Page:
I'm sure getting laid off is tough, not trying to devalue that painful experience. But doesn't it say something about priorities when you feel more pain for the loss of a job than the loss of a life? Any life?
A person is just more valuable than a means of making money or a career. If you could choose, are you saying that you'd pick a career over the life of a fellow human being?
To say that a career is more important than a person, especially a spouse, is most selfish.
I understand that it is painful. But why is it so painful? Because your identity and ego are defined by your career? Understandable. But still selfish.
(A person's identity shouldn't be so fragile as to be defined by something so impermanent and material as a job. When you pour yourself into a career, you risk loosing yourself over something that never spared one thought about you. Never even had the AWARENESS to spare a thought about you! Jobs abound, but people worth spending the rest of your life with are few and fare between.)
Pride is the author of shame. Humility is the source of security.

Job loss

My husband lost his job, just after I found out that I was pregnant with number two. It really does NOT make it easier to know that it is a common thing these days. It just means that the competition for a new job is fears. He got a lay off package and unemployment. I asked him if he wanted me to go get a full time job to supplement. He said, "NO" He needed me to continue to take care of the house and kid so he could look for a new job, which he did full time for nine month. The one thing he did ask me to do was take care of the finances. He just could not face that one job at that time. In addition to that, we turned the situation on its head by looking at it as a wonderful time to bond. Ultimately in the end, we came to the conclusion that in order to get a job, we where doing to have to move to an area with more jobs. In this time of economic struggle companies are less willing to pay to move a family. With the last of our savings and new baby in tow, we sold our big beautiful house at a loss and moved into his parents' basement. He got a new job the day we arrived to our new location.

The important thing for him was to remain the head of our household through all of that. I still differed dictions to him, even on finances. (He just did not want to sign the checks.) He even did a little home improvement before putting the house on the market. It would have been a mistake for me to try to stop him from spending money on that. If he was going to lose his home he needed to do it with pride. That was four years ago for us and we have about two more years to pay off the debt. The lessons we learned during that time where priceless. I hope you fare well, and you are luck to have each other to help you get though this. It is one thing most people cannot understand unless they have been there.

Thanks for the encouragement!

Good Girl,

Thank you so much for your kind words of encouragement. You're right, it is tough. My husband is like yours in that he doesn't want me to get a job either. With daycare costs as high as they are and what I'd get paid due to my inexperience in the job market, it just wouldn't be worth it for us.

Our taken in hand relationship really has rekindled his confidence. I believe it's helped him through this hard time.

I'm happy to hear you're doing well now. I truly believe that everything happens for a reason. He wasn't happy in his last job & he's looking at a much better job now. If all goes well, he'll be employed there by the end of the month. Wish us luck! :-)


Job loss is a mood killer

We discovered this Taken In Hand site 6 months ago. It was the new year and as I knew that something had to change in our relationship, new year's resolutions needed to be made, I realized that this Taken In Hand way is "the ticket" to a new re- energized relationship after almost 30 years of marriage. I carefully presented it to my husband with some articles from the site and he was immediately ready to try. He was thrilled, enthusiastic, and totally on board. He, was wise enough to say let's take it slowly so we don't burn out. So we agreed to proceed.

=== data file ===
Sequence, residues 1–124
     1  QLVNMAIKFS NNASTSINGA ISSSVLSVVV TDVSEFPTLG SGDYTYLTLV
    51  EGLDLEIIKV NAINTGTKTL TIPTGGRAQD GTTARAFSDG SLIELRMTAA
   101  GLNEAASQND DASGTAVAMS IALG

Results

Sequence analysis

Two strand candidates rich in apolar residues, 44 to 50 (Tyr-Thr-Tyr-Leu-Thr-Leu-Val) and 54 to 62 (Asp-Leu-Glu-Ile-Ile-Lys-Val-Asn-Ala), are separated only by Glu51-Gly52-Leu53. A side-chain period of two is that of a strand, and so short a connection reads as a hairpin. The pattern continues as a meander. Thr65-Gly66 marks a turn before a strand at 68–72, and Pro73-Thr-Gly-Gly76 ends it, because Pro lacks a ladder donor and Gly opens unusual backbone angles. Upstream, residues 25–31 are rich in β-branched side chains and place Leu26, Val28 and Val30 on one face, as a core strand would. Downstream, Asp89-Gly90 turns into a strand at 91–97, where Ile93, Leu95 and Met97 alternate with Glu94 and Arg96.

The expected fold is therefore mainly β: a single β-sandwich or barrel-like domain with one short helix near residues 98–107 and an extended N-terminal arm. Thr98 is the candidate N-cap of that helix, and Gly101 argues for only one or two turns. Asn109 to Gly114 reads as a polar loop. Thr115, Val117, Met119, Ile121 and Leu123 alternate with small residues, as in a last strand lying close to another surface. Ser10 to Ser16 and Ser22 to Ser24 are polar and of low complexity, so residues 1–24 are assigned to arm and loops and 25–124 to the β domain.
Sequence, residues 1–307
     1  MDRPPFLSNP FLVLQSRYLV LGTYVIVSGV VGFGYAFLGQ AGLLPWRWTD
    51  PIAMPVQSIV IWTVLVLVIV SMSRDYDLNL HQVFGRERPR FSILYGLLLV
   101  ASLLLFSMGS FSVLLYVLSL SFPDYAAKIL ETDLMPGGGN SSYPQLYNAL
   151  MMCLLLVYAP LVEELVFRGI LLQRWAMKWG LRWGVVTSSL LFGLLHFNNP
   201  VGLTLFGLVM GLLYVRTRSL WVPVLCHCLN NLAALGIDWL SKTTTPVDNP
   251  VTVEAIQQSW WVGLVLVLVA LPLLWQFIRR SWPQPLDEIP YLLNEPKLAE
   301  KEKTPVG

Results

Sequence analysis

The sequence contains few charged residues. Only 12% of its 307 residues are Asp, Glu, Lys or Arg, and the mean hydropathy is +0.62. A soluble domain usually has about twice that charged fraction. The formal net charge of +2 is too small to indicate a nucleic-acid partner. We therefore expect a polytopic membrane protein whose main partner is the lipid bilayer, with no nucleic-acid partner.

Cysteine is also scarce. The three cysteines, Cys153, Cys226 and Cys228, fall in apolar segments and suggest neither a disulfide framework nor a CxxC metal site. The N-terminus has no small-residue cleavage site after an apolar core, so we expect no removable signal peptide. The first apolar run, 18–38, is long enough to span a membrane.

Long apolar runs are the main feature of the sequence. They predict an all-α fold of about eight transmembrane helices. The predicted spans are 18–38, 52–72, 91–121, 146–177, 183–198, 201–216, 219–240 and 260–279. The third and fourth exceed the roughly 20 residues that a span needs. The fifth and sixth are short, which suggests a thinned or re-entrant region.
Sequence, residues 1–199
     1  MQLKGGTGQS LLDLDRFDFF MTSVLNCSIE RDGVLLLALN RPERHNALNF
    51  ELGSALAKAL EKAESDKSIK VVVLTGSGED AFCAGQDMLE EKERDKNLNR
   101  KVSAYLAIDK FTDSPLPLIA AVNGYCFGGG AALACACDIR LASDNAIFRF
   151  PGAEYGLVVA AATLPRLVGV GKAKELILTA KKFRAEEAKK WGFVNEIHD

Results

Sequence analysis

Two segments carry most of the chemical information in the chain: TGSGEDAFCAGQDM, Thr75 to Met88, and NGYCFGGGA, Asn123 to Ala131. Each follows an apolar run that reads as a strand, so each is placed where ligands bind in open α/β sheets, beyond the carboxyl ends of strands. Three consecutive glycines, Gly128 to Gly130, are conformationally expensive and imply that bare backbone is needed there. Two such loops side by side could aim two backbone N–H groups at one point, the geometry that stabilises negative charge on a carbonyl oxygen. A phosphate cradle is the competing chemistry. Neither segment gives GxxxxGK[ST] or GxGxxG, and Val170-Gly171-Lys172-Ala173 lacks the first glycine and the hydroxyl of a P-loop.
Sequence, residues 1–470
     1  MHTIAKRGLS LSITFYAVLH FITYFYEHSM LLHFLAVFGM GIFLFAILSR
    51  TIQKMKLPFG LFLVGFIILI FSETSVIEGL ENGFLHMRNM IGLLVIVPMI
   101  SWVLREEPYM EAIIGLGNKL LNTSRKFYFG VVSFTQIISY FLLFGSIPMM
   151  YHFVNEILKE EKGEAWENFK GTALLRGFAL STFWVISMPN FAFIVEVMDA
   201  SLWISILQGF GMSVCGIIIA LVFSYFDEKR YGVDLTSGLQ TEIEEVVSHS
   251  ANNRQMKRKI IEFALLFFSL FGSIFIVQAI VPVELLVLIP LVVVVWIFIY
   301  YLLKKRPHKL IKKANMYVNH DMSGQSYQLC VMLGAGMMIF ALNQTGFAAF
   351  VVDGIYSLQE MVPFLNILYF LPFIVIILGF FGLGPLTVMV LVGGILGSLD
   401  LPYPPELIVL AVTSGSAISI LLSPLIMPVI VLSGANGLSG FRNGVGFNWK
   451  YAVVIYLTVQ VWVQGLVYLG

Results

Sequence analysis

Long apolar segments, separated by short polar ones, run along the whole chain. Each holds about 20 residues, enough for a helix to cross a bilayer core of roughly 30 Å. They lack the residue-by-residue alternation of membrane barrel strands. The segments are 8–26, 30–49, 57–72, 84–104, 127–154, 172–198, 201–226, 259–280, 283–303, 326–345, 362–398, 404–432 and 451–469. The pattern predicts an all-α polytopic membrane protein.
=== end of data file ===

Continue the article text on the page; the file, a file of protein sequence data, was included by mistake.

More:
Within the next 3-4 days there was word from his company that they were eliminating his position nationally. He was devastated. His demeanor totally changed. Talk about a mood killer. His enthusiasm for this new way of life (Taken In Hand) simply waned. He kept saying "I don't feel powerful anymore." He felt defeated, diminished, worthless and the decriptions of how he felt go on and on..... He continued, on occasion, to try taking me and our relationship in hand, but I can assure you he just couldn't get his head wrapped around this relatively new idea, feeling the way he did. So my approach was as follows:

I repeatedly told him that I acknowleged his feelings of "powerlessness". I remained supportive constantly. Never did I waiver. I encouraged that he could regain his sense of power within the confines of the four walls of our home by living this taken in hand way of life. I told him not to let his job or career define him as a person. At the end of his life it won't be important as to the job he had at his career, but the job he did as a husband and father. (He has always been the greatest husband to me, even when I have been overly controlling etc....that's a totally different topic for a different day). But he just couldn't psychologically get to that place of feeling powerful and authoritative in the home.

Well, months have come and gone. He went off the bandwagon as far as Taken In Hand goes and then on again.....more off than on. I remained patient and willing to try again each time, even though I felt less trustworthy of him to make this work. LOTS of discussions occur when we start things up again. He takes total responsibility everytime for things not working out. I simply told him that I will submit to his dominance and authority when I feel he can provide that. He has to do it when he is ready. He has to understand in his own mind when the time is right for him. It was critical for me not to "drive" this decision. I did not want to be the one to be in control of this Taken In Hand style would defeat the purpose. He completely agreed and understood.

He was just reemployed and has recently been given another job offer by his old company with a raise and promotion. Even so, it has been a slow process of him starting up things again with us. I guess on day one of our Taken In Hand attempt (6 months ago) he wanted to take it's funny how things happened. We were forced to take it slow. Now I see a bigger spark than ever within him that is ready to ignite. He knows the ball is completely in his court. We deep down know that Taken In Hand is for us. Once a couple decides that Taken In Hand is right for them, I think the spark doesn't smolders. That is why, I believe, that I read on this site that people work at this for years until things are right between them.

So here we go again.....hopefully this time we both will get it right, never to abandon our new, great, way of life again.